You’ve read the how-tos. You’ve watched the adorable videos of eccentric Italian chefs running dough through machines and churning out beautiful and delicious-looking pasta. You’ve sampled handmade noodles in restaurants and burst through the door of your home screaming, “It’s my time! Today is my day to finally learn how to make pasta!”
Well, where do you start? What tools do you need, and what can you probably skip? We put together a list of five things you will want if you’d like to make professional-looking long pastas. Sure, you could save some money and make do without any of these tools, but for pasta that makes your friends look up from dinner and suddenly exclaim, “Wait, you made this”? Here’s what you’ll need:
This one is a no-brainer. Pasta machines serve several purposes—they give you a ton of control when rolling out your dough, both in thickness and in width. You can try rolling out the dough on a table with a rolling pin, but if you’re not precise or careful, your dough will have varying thicknesses and be shaped like a round pizza, instead of a long rectangle. A pasta machine has a dial for different thicknesses of dough, which allow you to create thicker sheets for lasagna, and thinner sheets for angel hair noodles.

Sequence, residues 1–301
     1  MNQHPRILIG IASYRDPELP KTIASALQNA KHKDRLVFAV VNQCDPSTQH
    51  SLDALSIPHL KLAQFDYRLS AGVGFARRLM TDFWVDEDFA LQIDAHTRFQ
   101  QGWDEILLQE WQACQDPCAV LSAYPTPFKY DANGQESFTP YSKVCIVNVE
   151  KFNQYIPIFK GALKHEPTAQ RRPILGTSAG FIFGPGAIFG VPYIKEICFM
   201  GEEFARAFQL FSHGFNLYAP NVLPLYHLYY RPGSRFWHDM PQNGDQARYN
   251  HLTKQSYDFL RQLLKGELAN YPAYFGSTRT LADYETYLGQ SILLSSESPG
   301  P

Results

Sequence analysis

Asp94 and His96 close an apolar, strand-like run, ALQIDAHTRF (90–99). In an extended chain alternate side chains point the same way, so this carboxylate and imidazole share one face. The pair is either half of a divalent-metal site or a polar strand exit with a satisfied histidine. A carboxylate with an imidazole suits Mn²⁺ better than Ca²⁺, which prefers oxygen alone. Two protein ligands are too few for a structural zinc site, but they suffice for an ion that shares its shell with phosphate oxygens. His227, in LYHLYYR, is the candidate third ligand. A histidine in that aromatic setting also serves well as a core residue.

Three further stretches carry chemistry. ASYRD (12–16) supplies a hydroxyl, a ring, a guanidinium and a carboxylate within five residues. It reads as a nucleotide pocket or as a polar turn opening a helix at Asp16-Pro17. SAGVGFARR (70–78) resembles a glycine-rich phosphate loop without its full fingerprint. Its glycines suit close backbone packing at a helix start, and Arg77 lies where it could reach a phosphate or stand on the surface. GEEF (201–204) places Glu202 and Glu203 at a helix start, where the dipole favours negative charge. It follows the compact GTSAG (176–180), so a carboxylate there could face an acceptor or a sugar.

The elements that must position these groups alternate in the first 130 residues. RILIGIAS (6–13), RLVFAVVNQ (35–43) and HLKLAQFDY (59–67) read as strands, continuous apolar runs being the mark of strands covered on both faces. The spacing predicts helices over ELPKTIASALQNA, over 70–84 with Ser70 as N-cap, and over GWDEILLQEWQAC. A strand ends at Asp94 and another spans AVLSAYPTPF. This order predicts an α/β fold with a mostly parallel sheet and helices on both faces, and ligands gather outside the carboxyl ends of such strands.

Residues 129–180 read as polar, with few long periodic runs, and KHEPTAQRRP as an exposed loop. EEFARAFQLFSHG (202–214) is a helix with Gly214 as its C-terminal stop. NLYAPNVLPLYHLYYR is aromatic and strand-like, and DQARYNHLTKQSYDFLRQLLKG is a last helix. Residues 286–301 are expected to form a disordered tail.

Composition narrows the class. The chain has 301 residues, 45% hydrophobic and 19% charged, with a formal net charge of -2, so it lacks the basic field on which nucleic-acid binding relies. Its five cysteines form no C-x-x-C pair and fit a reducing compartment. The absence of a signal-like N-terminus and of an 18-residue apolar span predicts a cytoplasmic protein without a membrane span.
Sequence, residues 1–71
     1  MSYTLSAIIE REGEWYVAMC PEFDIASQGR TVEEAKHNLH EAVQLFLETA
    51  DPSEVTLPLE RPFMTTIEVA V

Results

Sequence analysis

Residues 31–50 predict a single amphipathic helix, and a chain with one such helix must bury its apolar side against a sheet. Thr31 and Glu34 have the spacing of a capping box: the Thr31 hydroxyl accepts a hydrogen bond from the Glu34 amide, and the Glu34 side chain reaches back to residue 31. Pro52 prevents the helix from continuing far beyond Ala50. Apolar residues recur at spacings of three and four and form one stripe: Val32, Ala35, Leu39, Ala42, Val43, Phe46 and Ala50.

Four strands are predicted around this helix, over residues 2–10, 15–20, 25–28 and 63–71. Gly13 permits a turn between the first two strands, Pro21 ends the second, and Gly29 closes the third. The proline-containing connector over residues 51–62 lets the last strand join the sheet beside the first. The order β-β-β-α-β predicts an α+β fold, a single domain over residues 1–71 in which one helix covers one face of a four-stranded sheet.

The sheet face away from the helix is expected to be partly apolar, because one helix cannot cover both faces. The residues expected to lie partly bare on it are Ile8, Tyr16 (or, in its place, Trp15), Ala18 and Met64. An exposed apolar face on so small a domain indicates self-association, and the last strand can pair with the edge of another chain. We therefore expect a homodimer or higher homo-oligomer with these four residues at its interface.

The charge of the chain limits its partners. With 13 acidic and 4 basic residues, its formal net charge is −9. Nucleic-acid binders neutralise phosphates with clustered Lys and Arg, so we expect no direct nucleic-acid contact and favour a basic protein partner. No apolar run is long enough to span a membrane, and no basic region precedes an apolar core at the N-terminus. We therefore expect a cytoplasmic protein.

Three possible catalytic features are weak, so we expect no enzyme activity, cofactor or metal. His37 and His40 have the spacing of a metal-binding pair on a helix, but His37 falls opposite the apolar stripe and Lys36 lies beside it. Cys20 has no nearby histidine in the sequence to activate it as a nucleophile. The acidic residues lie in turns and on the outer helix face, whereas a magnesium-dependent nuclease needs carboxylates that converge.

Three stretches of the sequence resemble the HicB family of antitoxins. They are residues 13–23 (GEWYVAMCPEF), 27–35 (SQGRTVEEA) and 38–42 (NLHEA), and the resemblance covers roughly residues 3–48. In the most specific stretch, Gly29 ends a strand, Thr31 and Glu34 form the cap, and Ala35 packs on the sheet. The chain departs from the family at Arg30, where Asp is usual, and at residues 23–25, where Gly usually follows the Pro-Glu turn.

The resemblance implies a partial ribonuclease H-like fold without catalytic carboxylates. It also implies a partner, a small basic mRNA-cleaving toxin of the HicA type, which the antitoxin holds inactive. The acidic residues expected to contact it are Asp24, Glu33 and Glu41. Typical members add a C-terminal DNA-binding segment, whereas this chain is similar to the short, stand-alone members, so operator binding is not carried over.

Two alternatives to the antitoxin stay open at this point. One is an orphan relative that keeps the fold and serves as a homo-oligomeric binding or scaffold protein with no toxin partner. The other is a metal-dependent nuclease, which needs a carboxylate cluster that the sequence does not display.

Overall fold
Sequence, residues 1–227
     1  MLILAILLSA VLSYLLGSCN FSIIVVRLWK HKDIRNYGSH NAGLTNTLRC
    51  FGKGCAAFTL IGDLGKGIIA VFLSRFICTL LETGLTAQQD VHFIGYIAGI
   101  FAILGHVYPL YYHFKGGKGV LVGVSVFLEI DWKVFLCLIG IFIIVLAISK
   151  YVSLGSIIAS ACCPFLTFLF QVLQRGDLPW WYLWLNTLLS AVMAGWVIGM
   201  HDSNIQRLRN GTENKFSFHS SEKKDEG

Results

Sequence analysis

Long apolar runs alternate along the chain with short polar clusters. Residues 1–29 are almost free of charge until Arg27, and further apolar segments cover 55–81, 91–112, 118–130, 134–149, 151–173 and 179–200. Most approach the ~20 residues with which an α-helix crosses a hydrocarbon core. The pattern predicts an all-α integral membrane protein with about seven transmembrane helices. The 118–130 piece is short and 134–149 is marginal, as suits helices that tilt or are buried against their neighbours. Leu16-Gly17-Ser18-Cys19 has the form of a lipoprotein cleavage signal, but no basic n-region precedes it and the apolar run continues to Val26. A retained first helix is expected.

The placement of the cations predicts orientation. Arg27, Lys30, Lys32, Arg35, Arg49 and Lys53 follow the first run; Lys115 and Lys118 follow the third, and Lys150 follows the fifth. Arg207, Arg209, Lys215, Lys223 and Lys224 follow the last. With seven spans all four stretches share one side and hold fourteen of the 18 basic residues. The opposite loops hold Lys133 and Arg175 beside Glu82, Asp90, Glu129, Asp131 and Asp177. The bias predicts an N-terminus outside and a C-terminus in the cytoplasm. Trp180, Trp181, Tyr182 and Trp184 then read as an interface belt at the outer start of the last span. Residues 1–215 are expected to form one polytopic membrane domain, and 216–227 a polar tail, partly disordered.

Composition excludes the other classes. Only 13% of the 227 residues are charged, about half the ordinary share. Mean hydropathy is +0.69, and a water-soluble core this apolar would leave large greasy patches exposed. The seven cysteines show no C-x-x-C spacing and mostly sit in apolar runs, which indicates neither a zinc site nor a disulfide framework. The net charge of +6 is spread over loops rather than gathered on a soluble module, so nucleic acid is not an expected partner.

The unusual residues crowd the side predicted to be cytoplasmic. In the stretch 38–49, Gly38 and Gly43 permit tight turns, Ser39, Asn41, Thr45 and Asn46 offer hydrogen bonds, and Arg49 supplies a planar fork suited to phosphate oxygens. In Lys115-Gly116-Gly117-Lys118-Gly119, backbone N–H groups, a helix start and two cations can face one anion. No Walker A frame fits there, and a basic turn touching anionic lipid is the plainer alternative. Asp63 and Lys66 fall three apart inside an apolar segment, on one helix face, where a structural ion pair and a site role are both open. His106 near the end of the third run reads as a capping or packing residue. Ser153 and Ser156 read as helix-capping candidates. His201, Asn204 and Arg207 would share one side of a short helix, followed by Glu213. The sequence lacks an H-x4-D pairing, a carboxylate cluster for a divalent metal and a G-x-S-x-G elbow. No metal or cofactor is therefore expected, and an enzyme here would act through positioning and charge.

Pasta machines can range from $25 at Walmart to $907 from Paderno World Cuisine. I’ve used several different brands over the years, and haven’t been able to identify any noticeable benefits of a more expensive machine except that the cheaper ones cause the pasta to stick a little and roll out less crisp. I recommend the Roma 6 Inch Traditional Style Pasta Machine, setting you back a comfortable $35.15. One plus of the Roma is if you get tired of cranking the machine, you can order an Electric Motor Attachment to do the work for you.
These things are wonderful. They allow you to evenly distribute flour while you’re kneading, rolling, and cutting the dough. The extra flour keeps the dough from sticking to itself and making a horrific mess; I tend to err on the side of using more on my work surface, not less (clearly this tip is not for the gluten-sensitive).
The sifter pictured above is a Farberware model, which allows you to distribute flour by just squeezing the handle. I prefer this style over the kinds that require one hand to hold, one hand to crank, because you can keep kneading the dough while you add flour. I found my sifter at a thrift store, totally clean, for about two dollars—they seem to show up pretty often in cooking sections. Another cheaper alternative to the sifter is a dredge shaker, which does basically the same thing. However, they hold less flour than a sifter, so you may need to keep refilling.
This is another tool you could technically do without, but will be so glad you dropped that extra five dollars or so. Once you’ve dumped your dough out on the table and begin to knead it, the table will become a sticky mess, and pieces of dough will start breaking off. Instead of using some random utensil to hastily scrape all of the bits back together, use a bench scraper to do it in one fell swoop. Once you’re done, these make cleaning up your work surface much easier. You can also use them to cut the dough and chop pieces up for stews.